Let me take you through the sequence of events on November 11, 2011.  Friday morning was Remembrance Day morning.  I always mark it appropriately.  I usually end up cleaning the kitchen and assembling lists for the weekend while watching the ceremonies on the kitchen TV.  Given that we live downtown, we can hear the gun salutes that "boom" from Parliament Hill every few minutes.  The cats (who were outside in their back deck gazebo and condo) jump every time the 'boom' sounds.  I ran outside when the two CF-18 flew overhead AND this year marked the first time the Air Force sent a flyby of 7 Griffon helicopters as a specific tribute to the Canadian Forces mission in Afghanistan.  It really was a sight to see in the Ottawa skies. 

Stores were scheduled to open at 12:30 p.m. once the ceremonies concluded.  A friend and I had decided earlier that week to be at the Apple Store (of course located in the busiest tourist mall in downtown Ottawa) as soon as it opened.  I expected to walk out with a new Mac with all my files transferred over from the old one, which was dying quickly.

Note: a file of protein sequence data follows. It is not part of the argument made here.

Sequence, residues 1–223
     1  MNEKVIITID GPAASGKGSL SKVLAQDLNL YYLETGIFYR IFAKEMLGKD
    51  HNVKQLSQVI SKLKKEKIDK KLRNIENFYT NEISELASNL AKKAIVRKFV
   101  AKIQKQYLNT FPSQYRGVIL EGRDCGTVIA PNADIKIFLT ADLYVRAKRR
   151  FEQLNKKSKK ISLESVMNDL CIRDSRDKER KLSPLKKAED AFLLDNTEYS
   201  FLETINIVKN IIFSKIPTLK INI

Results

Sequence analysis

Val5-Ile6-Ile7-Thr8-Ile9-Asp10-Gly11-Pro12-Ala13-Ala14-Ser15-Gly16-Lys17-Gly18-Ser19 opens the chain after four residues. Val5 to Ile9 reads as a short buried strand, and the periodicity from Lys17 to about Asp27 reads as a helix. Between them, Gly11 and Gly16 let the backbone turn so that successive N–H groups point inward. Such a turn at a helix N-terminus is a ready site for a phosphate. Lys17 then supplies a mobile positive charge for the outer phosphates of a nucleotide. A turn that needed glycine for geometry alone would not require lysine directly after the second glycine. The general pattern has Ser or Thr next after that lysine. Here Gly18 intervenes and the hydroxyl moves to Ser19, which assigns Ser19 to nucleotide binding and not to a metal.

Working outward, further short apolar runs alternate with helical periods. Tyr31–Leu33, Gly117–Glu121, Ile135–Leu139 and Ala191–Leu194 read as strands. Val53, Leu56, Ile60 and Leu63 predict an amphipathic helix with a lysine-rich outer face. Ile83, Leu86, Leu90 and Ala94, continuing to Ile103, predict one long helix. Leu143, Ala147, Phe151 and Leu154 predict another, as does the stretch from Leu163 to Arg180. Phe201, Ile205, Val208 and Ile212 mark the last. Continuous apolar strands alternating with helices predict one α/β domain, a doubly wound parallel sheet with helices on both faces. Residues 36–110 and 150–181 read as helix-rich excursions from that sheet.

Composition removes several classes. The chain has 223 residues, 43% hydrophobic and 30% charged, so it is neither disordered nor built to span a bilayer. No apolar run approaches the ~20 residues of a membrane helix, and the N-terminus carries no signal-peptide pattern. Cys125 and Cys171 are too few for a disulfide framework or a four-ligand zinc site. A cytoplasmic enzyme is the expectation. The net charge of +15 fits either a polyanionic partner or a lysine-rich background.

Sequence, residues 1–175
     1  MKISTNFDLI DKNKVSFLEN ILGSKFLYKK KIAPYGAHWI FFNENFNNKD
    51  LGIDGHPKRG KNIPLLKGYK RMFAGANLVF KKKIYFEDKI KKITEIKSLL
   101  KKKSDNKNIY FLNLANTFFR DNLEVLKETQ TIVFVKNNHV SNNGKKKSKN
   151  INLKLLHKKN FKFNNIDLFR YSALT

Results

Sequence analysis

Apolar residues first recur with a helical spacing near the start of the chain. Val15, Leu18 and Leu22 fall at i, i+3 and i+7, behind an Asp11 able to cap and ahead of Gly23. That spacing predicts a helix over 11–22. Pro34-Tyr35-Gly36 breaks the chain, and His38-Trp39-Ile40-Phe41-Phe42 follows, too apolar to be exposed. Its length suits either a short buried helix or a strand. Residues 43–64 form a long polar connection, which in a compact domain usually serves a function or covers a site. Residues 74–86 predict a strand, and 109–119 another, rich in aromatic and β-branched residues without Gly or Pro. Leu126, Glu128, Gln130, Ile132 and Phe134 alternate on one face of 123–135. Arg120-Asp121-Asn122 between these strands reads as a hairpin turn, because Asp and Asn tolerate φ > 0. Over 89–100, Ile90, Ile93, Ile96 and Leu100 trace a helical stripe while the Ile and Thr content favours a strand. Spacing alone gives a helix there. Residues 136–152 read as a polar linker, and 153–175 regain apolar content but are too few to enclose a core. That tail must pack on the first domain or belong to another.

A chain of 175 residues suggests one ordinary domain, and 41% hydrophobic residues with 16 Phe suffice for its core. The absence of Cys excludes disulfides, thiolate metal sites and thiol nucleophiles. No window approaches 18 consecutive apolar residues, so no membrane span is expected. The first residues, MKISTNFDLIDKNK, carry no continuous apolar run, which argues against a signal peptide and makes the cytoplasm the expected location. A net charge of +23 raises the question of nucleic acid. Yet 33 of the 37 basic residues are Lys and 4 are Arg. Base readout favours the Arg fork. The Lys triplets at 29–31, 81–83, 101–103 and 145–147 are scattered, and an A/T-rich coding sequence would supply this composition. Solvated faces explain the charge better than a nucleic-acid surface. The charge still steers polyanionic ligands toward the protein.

Three things went wrong with that plan:  a) it was a HUGE mistake to try and drive or be anywhere downtown; b) Apple is now so corporate that service is impossible; and c) I didn't count on the 'Black Friday' type of frenzy that began the minute stores opened their doors after the Remembrance Day ceremonies. 

Mistake #1

My first clue should have been trying to park at the mall.  Almost as soon as we arrived, the 'lot full' sign went up.  When we walked into the mall, we walked straight into CHAOS, i.e., security guards and long line-up of youngsters eager to purchase the XBox 360 game called "Call of Duty:  Modern Warfare 3", hyped by a company eager to shatter its one-day sales records.  It did.  I can't stop thinking about consumers celebrating Remembrance Day by buying an ENTERTAINMENT GAME that glorifies war.  Go figure....